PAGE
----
In regard to the claim of Pasteur for the discovery and enunciation of a general law for the modification of their poisons and for the protective inoculation of infectious diseases, Koch considers that splenic fever (anthrax, ed.) is the only infectious disease which can as yet be properly accepted in favor of such a claim; that even in this one disease the results are thus far limited to sheep, and both the strength of the virus to be used for the first and second
inoculations and the length and degree of protection secured are still very uncertain, much more uncertain than Pasteur has acknowledged ; that the danger of the inoculation itself for the subject and for other animals and men is increased in direct proportion to the efficacy of the virus employed. As another objection to Pasteur’s claim that he has discovered a general law, Koch recalls the fact that it was Toussaint of the Veterinary School at Alfort who first inoculated the modified virus of splenic fever, the virus being modified by the addition of a one per cent carbolic solution, or by raising the temperature to 55° C. (150° F.); that although Pasteur’s method for modifying the virus is much better than Toussaint’s, his interpretation of the process by which the modification is brought about is incorrect, for it is not, as his own experiments show, the direct action of oxygen which produces the modification, but the presence of products evolved by the microbions themselves, – an evolution favored by oxygen, by elevation of temperature, and replaced by the presence of carbolic compounds.

In regard to Pasteur’s “chicken-cholera” Koch believes no practical use of the modified virus has been made by poultrymen, and thinks that the existence of a specific pathological microbion of such a disease has yet to be demonstrated.

Koch thinks that the general principle of preventive inoculation with artificially modified virus should not be triumphantly proclaimed as established until we have succeeded in modifying and transforming into protective inoculation-material bacteria belonging to diseases of men, of which he thinks we know the bacilli of tuberculosis, of leprosy, of typhoid fever, the micrococci of erysipelas, and the spirochaete of relapsing fever. In none of these diseases, it will be remarked, is one attack protective against a second. Koch acknowledges the modification of the bacillus of splenic fever as an established fact and as a very important step in the right direction, and desires to give Pasteur proper credit for his contributions toward this result, but thinks Pasteur should not make a secret of his processes, and should have more regard for truth and scientific accuracy in his statements, and that all future workers in this department should proceed with greater “objectiveness,” and with a more conscientious self-criticism.

Pasteur’s reply to this brochure of Koch’s will be awaited with much interest and some impatience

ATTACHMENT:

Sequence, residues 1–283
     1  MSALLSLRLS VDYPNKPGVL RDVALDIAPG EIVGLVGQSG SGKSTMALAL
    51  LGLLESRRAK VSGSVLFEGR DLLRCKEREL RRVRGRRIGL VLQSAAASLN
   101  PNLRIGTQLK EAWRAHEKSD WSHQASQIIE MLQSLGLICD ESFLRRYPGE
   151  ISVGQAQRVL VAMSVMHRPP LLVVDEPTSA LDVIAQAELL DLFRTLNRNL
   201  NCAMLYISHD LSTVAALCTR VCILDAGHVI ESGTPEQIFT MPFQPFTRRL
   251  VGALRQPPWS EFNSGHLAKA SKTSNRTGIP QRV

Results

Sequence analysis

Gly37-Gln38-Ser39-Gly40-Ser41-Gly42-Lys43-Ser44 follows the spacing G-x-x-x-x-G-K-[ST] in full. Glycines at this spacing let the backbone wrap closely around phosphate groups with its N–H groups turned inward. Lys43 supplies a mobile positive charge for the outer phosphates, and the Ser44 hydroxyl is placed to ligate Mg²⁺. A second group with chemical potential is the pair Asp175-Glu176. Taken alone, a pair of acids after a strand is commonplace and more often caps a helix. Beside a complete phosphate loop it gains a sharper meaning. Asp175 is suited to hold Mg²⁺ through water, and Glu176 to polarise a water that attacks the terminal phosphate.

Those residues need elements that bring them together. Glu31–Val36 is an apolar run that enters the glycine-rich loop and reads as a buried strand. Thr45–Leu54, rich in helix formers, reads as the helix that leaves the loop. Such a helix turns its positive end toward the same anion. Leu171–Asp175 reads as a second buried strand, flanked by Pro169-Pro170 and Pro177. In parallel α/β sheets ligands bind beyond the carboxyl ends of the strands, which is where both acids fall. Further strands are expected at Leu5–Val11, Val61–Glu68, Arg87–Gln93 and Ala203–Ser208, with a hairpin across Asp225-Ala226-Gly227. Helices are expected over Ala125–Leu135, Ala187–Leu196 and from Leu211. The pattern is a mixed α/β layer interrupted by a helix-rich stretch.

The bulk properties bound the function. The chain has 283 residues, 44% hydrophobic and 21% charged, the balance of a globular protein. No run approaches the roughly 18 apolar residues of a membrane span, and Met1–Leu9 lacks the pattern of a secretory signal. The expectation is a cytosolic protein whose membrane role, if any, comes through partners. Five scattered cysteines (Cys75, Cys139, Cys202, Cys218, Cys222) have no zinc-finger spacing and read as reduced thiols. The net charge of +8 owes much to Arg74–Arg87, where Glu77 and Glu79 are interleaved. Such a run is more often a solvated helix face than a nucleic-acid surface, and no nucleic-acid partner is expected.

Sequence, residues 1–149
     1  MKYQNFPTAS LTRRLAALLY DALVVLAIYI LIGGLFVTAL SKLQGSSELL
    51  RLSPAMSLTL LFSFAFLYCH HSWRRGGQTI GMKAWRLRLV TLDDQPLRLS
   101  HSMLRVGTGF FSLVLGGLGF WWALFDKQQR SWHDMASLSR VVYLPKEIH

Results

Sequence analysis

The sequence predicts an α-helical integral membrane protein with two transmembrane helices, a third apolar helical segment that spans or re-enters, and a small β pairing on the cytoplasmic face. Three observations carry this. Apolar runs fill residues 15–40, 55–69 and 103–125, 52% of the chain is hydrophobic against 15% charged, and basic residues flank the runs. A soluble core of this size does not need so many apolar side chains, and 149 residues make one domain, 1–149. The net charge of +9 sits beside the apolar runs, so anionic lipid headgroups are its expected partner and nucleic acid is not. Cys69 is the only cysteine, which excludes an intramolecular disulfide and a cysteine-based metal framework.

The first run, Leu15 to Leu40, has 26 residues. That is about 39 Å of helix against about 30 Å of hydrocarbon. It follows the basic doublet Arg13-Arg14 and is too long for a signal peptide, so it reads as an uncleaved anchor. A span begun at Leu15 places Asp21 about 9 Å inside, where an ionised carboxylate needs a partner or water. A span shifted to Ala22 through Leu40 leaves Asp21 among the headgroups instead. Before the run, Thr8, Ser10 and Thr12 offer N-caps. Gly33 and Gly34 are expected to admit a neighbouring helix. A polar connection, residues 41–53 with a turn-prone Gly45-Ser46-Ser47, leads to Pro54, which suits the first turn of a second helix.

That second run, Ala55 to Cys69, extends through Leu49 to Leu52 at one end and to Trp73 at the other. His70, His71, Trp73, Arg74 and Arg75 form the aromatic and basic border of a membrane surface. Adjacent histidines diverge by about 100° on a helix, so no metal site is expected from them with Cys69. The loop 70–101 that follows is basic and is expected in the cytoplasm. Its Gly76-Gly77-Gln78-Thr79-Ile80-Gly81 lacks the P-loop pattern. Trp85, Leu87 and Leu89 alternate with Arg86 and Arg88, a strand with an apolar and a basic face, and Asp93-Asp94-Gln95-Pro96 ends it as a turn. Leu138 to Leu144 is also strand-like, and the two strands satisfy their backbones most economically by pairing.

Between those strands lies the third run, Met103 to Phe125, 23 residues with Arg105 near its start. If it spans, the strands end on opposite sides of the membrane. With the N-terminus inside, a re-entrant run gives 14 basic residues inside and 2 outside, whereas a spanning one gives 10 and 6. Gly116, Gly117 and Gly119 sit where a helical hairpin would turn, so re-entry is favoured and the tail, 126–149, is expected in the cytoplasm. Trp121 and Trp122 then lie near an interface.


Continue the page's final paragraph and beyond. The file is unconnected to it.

[Editorial: Boston Medical and Surgical Journal, March 1, 1883, Vol. CVIII, No. 9]

THE Revue Scientifique (January 20, 1883,) contains Pasteur’s reply to Koch’s criticism of his methods and results in regard to the micro-organisms of disease and the value of attenuated virus for inoculative purposes. Pasteur’s reply is preceded by his critic’s remarks translated into French. A summary of Koch’s attack was published in the JOURNAL of January 18th.

It is to be regretted that abstract questions of scientific truth or error cannot be divorced from the personalities of discoverers and wrangling over priority, that ” such anger should possess celestial minds.” The expanse of the unknown is broad enough for all voyagers to pursue their way without collision. Such discussions seem to be the inevitable accompaniment of every discovery, and we should, perhaps, rather regard them in the light of the shifting wind, necessary to clear away fog banks, and make plain all the details of new and hitherto but fitfully illumined surroundings, or, to change the metaphor, they may be regarded as the reagent needed to clear up a cloudy liquid.

We must confess, however, that any advantages to be derived from the discussion by abstract science would have been quite as attainable had it been started by Koch on a somewhat different key, excellent though his brochure was as a mere polemical effort. The form which the dispute has taken is tinged with a certain acrimony, borrowed in part, perhaps, from the difference in nationalities, and in part from the difference in ages.

All will recognize that Pasteur has done some remarkable work – we may even, in the German fashion, call it epoch-making work – in the province of scientific medicine, and he duly invites attention to it in his reply to Koch. If the latter accomplishes as much more in twenty years from the date of his first publication in 1876 he may well congratulate himself. The science and the profession which they serve, and the public whom they benefit, will know how to honor both investigators. To Pasteur we must, probably, accord the full credit of solving the riddle of the nature of the ferment in what were formerly known as zymotic diseases, and of teaching the possibility and developing a method – if not the best method – of the attenuation and inoculation of the virus. Koch himself already acknowledges that the secret of splenic fever (anthrax, ed.) has been forced, and he now confesses that Pasteur must be credited with working out the attenuation of the active principle of disease ferments. In these respects at least Pasteur is a genuine “path-breaker,” and has enabled Koch to make his own brilliant discovery of the bacillus tuberculosis.

The action of micro-organisms as ferments or tissue destroyers, and the attenuation of their virulence, are to be regarded as far-reaching principles acquired for science. There have been and will be mistakes in regard to the significance of this or that particular microbion, and the manner in which attenuation of a virus is brought about- whether directly by oxygen and temperature, or indirectly by these, and directly by increased activity in the organisms themselves – may have been misinterpreted; generalizations have been at times too hasty. These considerations should not be allowed to obscure the great principles involved.

Let Koch and his fellow-workers in this field continue, by absolutely pure cultures, to enlarge the number of infectious diseases having a demonstrable connection with a given microbion, by a more exact interpretation of the processes taking place to develop better methods of attenuation of virus, by greater experience to arrive at surer and safer methods of inoculation. There is work here for the time and energies and ingenuity of all interested in these questions, and there are still absolutely unknown regions in the domain of science for the bolder spirits who must be always in the vanguard, and are impatient of a neighbor however distant. There is no excuse here for the elbowing and crowding attendant upon upon long occupation.